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Four different corvid skulls


Corvids are a family of birds that include all the big black ugly ones, like ravens, crows, jackdaws and rooks, as well as some prettier birds like magpies and jays. These are big powerful birds that can knock buzzards out the sky and kill them, and I heard about a sparrowhawk that was killed by a crow.

There are over 120 species of corvids, but only eight live in the UK. They eat whatever they can find, even meat, but they don't have a hooked beak to rip animals over, so they have to wait until the carcasses are opened up before they can eat. That is why you see so many on motorways to eat the roadkill.

I have five corvid skulls, but two are from the same bird, and this week I am going to write about them.

  • The rook skull

I was walking with dad at the edge of the Pheasant Woods at the start of July, and we found the body of some kind of corvid. It was rotting, but not quite bones yet. Dad pulled the head off and we took it home. I cleaned it by leaving it in  biological washing powder and hot water, which took off the rest of the skin and feathers.

It was only when we measured it that we could start to work out what it was. It is just over 8cm, and it has the bottom jaw and beak sheaths as well.

Then I looked on skullsite.com to try and figure out what it was. The skull it was most like was a rook. Rooks are quite a large type of corvid, and you can tell them apart from other corvids by the light beak that goes all the way back into the face.

Here are some of my other corvid skulls:

  • Jackdaw skull

I can see jackdaws on my bird table because they have a nest in the roof of my friend Holly's house. They are easy to tell apart from other black corvids because they are smaller and have shiny feathers round the back of the neck and chest. The eyes are like a yellow ring with a hole in the middle, which is different to other corvids.

Dad found this skull in March in Fallen Tree Wood. This skull is much smaller than the rook, and it is 6.5cm long. Apart from the size it is very similar to the rook, and they sometime hang around with rooks in big flocks.

  • Carrion crow skull

Sometimes people say "crow" when they just mean "corvids". There are two types of crow, the carrion crow (which is all black) and the hooded crow (which is grey and black). I found this skull in the gamekeeper's pit at Dougal's Cairn wood. Gamekeepers kill a lot of corvids and I am going to write about that in a minute.

This skull is 8.8cm long, bigger than the jackdaw but a bit smaller than a rook. The orbits (eye sockets) are much further apart than the rook maybe because it has a bigger brain. Crows are the smartest corvids. They tend to be in just ones or twos, not like the big flocks of jackdaws or rooks.

  • Magpie skull

My magpie skull is the smallest one of the four at 5.5cm. The beak has less of a curve in than the other skulls. Magpies are one of the easiest to tell apart because they look black and white with other colours of green and blue if you look hard enough. They are smaller and have longer tails. You don't see as many of them round here as the other crows or jackdaws.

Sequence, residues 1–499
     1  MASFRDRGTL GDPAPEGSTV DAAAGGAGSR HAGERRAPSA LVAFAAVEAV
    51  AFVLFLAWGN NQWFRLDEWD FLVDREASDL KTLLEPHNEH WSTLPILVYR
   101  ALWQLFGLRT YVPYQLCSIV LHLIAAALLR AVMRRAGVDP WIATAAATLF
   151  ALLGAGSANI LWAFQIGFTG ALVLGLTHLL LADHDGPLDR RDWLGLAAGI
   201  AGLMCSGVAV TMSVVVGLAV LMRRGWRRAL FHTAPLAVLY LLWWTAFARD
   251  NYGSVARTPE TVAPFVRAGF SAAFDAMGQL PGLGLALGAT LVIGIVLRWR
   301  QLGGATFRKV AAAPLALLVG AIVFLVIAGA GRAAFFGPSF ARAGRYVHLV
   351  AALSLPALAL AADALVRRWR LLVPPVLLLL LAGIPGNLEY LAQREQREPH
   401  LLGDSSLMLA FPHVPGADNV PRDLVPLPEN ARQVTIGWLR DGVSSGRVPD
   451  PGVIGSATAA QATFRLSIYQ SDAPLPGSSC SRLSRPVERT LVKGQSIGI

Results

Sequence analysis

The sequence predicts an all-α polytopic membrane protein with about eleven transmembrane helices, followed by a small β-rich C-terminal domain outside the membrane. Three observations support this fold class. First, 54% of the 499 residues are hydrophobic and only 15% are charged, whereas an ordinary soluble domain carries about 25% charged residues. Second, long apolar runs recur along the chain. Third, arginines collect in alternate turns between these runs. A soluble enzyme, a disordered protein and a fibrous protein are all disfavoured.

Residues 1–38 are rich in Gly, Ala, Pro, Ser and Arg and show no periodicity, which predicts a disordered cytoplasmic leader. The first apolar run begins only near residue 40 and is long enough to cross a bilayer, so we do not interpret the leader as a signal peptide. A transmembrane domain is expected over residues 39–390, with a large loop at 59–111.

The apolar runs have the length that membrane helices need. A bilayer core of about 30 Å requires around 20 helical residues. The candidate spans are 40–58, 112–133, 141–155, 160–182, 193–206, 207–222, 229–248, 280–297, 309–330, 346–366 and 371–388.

• Why gamekeepers don't like corvids

Gamekeepers don't like corvids because corvids can take pheasant and grouse eggs to break open and eat. This makes it hard work for gamekeepers to look after pheasants, so they use traps to catch them.

One of the types of traps is called a Larsen trap. This is one of them:

The trap is three different cages joined together. Gamekeepers put in a decoy bird in the middle cage, and they have to give it food and water. Then other birds fly down to perch in the other empty cages, but when they land, the lid shuts and they can't get out. Gamekeepers are allowed to use these only if they check it every day, and only to catch magpies, crows, jackdaws, rooks and jays, which they can kill, usually by breaking its neck.. If they find any other bird, they have to release it. In Scotland every trap has to have a tag from the police Wildlife Crimes Officer.

Here is a corvid that was trapped in a case with a decoy bird in the middle.

If you see a trap like this it is best to leave it along, but if it has a bird of prey in, let the gamekeeper or the RSPB know.

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Psydrache said...

Hi Jake,

I dont think that the black corvids are ugly. Well, they are only black and the voice isn't very melodic, but the corvids are very intelligent birds. Some corvids are like parrots and you can learn them words! Sometimes I wish I had a raven as pet ;D

Your collection of corvid skulls is awesome. I really like the rook skull with the beak sheats. I think its rare to get a skull with intact beak sheats so you are a lucky one!

Oh, and it's always a pleasure to read your Blog. I'm from Switzerland so my english isn't that well, but it's a good training to read your adventures! I wish the forests where I live wehre so full of bones like yours, haha!

Have a good time!


Jake said...

Glad you liked my blog ! I have always wanted to go to Switzerland. We had to pick a country to do a project on at school last year and I chose Switzerland.

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